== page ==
After exhausting our savings and 401Ks, and maxing out all our credit cards, we were down to one asset: the home we owned.

What had always worked for us, clearly wasn’t working anymore.

It was time for me to think ‘outside the box’ and come up with something new, anything, that would pay the electric and phone bills and keep food on the table.

In 1998 I created The Blue Ridge Soap Shed, believing a seasonal, tourism-based business had a good chance of success in our rural, mountain environment. Located just off The Blue Ridge Parkway in a county several hundred craft artisans call home, we could use our own property mortgage-free.

We looked at our lifetime of skills and what we could do – not just what we’d always done.

I based The Soap Shed on who Tim and I were, from the inside-out, our lifetime of capabilities, and discovered my own model of building a successful micro-business not discussed in traditional business textbooks.

I assumed I could create the product lines and marketing strategies, and that Tim with his 30 years as a science professor could create the soap formulas for the products I defined. Because both of us were trained educators with strong interpersonal skills, I believed we could help customers identify for themselves the products they needed, and demonstrate a handcrafted process for visitors to enjoy.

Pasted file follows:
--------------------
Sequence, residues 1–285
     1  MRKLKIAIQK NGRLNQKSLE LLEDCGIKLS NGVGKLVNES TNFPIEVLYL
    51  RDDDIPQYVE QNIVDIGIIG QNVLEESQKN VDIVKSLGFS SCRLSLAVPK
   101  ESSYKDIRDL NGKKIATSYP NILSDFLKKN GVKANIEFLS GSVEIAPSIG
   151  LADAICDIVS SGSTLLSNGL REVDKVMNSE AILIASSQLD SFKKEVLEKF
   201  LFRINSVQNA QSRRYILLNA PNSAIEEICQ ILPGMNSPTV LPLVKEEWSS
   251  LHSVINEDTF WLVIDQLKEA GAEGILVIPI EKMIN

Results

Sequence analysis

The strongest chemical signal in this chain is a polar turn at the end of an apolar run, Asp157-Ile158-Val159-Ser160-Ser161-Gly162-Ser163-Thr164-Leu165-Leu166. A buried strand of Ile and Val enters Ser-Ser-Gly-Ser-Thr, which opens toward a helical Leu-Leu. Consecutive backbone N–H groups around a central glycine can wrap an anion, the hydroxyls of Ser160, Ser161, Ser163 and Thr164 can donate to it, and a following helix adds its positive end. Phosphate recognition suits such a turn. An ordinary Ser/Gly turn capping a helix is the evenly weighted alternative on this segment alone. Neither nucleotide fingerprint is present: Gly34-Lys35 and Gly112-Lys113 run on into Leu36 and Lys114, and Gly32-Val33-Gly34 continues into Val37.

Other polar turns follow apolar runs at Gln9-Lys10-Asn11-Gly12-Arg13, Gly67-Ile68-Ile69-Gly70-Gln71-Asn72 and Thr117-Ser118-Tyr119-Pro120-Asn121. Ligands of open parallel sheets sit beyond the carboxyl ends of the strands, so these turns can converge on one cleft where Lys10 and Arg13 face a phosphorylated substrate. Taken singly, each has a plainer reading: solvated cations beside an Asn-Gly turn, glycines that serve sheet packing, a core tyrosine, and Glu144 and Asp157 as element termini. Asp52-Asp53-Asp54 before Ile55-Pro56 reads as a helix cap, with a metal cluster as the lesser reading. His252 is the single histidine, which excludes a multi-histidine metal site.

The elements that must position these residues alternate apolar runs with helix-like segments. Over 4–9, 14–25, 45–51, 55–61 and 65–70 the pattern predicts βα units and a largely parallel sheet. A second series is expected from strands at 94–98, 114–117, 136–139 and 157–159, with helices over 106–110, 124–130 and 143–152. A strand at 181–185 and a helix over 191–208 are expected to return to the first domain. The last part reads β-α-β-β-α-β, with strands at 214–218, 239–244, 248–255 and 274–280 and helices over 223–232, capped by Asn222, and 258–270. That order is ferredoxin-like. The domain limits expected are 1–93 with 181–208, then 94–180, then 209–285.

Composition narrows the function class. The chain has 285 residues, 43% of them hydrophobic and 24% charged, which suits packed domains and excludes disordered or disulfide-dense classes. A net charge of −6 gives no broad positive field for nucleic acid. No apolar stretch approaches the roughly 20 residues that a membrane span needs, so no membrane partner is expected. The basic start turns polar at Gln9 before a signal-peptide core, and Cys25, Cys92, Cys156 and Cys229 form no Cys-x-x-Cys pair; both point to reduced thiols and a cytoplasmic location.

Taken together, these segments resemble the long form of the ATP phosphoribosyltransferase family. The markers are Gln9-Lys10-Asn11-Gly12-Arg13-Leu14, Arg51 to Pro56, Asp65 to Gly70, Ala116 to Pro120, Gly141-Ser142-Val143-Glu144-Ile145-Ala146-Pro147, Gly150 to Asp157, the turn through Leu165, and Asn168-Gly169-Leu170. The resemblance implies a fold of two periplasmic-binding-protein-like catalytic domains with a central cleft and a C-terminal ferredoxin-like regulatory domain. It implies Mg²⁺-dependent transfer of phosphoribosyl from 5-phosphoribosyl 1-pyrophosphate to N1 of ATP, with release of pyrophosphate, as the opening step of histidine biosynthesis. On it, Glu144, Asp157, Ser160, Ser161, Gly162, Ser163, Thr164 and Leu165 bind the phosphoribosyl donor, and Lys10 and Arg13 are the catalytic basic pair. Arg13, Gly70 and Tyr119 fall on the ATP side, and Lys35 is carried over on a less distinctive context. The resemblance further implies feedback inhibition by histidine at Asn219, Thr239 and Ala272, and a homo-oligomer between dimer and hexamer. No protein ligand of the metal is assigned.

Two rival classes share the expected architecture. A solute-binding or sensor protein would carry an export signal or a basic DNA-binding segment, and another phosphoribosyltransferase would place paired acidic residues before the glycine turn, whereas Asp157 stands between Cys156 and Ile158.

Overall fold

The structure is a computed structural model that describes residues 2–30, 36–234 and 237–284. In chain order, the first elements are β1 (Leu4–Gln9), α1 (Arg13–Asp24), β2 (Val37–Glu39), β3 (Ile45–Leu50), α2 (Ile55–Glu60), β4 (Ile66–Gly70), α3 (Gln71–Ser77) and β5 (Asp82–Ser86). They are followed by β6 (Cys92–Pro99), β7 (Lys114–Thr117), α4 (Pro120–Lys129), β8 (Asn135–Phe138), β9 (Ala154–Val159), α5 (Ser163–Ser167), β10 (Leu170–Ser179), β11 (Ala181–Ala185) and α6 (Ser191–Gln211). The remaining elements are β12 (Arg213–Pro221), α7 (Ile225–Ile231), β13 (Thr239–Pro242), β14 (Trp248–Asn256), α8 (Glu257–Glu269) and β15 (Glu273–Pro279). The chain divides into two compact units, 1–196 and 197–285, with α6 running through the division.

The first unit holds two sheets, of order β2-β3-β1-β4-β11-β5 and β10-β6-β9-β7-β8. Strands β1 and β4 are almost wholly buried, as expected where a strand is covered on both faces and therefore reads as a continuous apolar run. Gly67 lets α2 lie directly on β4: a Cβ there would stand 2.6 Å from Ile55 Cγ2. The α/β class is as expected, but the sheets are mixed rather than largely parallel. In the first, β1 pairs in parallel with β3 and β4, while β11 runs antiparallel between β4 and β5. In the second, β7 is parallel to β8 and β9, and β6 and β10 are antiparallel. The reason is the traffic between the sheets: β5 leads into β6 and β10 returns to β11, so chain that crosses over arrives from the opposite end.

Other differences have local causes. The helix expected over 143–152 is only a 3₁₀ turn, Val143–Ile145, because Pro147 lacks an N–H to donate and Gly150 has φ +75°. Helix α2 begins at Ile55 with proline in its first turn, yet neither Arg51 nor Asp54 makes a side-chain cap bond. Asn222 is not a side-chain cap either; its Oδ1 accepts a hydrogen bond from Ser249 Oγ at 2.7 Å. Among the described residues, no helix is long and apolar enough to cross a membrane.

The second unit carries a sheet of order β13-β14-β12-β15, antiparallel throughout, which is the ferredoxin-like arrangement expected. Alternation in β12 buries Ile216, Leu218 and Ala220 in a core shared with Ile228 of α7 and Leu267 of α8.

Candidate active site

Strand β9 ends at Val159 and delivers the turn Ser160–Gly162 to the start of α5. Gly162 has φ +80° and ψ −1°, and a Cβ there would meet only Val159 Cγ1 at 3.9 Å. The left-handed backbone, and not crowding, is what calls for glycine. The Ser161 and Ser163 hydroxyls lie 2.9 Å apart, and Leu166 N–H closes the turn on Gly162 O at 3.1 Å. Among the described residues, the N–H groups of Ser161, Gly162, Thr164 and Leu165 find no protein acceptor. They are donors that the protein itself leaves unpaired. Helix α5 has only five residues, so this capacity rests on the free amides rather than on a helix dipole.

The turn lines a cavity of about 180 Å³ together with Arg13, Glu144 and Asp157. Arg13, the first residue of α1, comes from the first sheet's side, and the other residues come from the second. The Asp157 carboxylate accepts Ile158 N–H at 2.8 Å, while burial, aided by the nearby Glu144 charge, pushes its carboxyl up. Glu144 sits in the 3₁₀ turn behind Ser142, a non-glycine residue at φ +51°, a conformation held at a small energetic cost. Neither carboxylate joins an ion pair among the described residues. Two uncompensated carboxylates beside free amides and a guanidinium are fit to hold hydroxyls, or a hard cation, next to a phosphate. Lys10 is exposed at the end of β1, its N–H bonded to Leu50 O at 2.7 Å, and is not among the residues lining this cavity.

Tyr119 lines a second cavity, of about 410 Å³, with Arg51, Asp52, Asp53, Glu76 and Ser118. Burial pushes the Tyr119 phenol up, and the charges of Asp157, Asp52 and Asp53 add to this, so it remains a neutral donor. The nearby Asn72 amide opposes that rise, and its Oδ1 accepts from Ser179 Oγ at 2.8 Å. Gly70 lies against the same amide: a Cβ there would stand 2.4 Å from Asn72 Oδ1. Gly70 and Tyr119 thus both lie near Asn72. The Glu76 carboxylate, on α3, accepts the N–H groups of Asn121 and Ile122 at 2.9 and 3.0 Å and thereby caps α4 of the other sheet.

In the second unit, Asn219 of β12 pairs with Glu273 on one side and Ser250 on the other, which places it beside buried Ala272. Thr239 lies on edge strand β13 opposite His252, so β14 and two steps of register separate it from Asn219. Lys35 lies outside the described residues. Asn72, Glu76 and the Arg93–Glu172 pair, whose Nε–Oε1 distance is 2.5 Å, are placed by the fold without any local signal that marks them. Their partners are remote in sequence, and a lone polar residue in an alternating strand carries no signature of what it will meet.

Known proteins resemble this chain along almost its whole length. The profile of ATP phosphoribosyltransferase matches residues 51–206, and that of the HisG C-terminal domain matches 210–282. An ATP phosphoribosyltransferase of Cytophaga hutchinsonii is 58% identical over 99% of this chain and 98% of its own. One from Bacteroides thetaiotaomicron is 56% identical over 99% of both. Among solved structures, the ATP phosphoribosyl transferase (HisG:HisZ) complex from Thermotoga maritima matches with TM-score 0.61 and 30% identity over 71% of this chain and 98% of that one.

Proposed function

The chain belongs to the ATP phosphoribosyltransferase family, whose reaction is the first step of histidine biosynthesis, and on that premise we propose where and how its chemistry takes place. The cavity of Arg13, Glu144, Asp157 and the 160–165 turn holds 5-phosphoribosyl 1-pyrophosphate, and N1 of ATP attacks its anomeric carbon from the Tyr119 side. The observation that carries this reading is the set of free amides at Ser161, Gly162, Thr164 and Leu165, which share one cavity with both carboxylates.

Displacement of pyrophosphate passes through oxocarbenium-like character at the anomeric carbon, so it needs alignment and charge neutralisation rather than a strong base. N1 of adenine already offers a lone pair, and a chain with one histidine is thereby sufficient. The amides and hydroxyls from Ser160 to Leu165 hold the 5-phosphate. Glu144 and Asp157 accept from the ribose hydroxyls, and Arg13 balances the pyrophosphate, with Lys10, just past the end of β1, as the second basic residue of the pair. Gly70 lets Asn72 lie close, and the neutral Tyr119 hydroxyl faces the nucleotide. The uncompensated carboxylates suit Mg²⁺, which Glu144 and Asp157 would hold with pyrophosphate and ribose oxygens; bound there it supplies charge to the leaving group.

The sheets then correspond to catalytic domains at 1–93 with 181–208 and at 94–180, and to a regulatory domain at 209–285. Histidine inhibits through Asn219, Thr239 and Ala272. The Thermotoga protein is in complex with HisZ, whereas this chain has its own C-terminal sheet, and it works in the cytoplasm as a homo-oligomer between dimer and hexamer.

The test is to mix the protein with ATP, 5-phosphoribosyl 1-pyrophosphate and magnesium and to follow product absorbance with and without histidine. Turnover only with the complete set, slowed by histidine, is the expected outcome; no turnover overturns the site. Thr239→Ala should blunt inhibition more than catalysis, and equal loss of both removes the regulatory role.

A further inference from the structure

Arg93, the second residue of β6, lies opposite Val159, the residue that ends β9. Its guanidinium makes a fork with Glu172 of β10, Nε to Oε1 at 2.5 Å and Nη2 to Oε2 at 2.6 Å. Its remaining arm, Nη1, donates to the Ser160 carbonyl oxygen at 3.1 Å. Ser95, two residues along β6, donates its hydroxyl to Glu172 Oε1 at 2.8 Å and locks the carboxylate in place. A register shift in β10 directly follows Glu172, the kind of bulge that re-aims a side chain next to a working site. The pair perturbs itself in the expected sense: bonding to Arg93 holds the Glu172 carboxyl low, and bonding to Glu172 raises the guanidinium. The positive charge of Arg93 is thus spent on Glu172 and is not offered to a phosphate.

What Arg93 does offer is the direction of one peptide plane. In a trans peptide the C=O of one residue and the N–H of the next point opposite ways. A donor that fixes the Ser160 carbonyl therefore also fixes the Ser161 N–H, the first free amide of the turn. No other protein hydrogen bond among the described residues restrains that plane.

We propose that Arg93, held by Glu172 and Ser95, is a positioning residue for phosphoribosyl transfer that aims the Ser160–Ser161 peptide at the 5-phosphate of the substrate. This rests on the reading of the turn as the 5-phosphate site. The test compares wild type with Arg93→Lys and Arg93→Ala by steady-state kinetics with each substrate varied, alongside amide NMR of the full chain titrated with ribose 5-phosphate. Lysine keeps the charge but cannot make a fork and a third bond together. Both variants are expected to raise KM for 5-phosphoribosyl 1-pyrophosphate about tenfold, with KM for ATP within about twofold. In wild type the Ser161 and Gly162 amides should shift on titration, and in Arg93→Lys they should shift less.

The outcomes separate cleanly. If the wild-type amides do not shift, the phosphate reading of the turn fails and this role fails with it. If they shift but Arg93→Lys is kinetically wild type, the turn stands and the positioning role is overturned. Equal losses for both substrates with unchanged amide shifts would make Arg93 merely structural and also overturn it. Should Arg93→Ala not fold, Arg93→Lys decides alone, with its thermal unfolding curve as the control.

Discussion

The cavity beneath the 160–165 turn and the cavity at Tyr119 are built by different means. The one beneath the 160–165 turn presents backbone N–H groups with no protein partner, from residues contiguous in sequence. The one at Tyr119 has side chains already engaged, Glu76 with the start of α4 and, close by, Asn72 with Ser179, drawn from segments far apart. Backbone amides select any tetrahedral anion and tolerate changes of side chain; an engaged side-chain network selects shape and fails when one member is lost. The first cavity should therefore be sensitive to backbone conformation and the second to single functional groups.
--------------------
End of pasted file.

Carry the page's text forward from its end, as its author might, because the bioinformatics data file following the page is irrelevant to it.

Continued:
Now starting our 18 year of business, The Soap Shed continues to be a sustainable, viable business making 12 tons of handmade soap each year which we sell online and via our own retail shop.

We succeeded by inching The Soap Shed along in growth, integrating it with our seasonal community, fitting well within our tourist region and rural location, maintaining a very tight ‘give and take’ with our customers so it would be clear what the next, best directions for expansion would be.

This approach worked because the healthiest small businesses are aligned in all their important relationships….much like a healthy individual is balanced and in alignment with their Self, family, friends, work and society.

And that’s the business model I want to help you learn about too, so you can create a one-of-a- kind business that fits you and your lifestyle.

I focus on how to approach working during what were supposed to be our retirement years, like how to reinvent yourself; explore how to generate finances for an extended life span; make choices that reflect your inner self and align with your heart and inner compass, and stay ‘on purpose’ through meaningful work – whether a ‘job’ or creating your own business.  

Depending on your personality, skill sets, finances or family circumstances, you may want to consider whether you really want or need to create a business.  

The unconventional business models I understand well – because I live them –  are perfect for putting yourself back to work. They are flexible and can adapt to family circumstances, aging and changing physical abilities, and finances: sole proprietorships, microbusinesses with 1-5 employees, seasonal schedules, online product sales, or home based.

Whether you want to make or sell a product or provide services, we can identify what it takes to get started creating the business of your dreams at midlife, and managing it so it supports you and your family and provides the flexibility you need.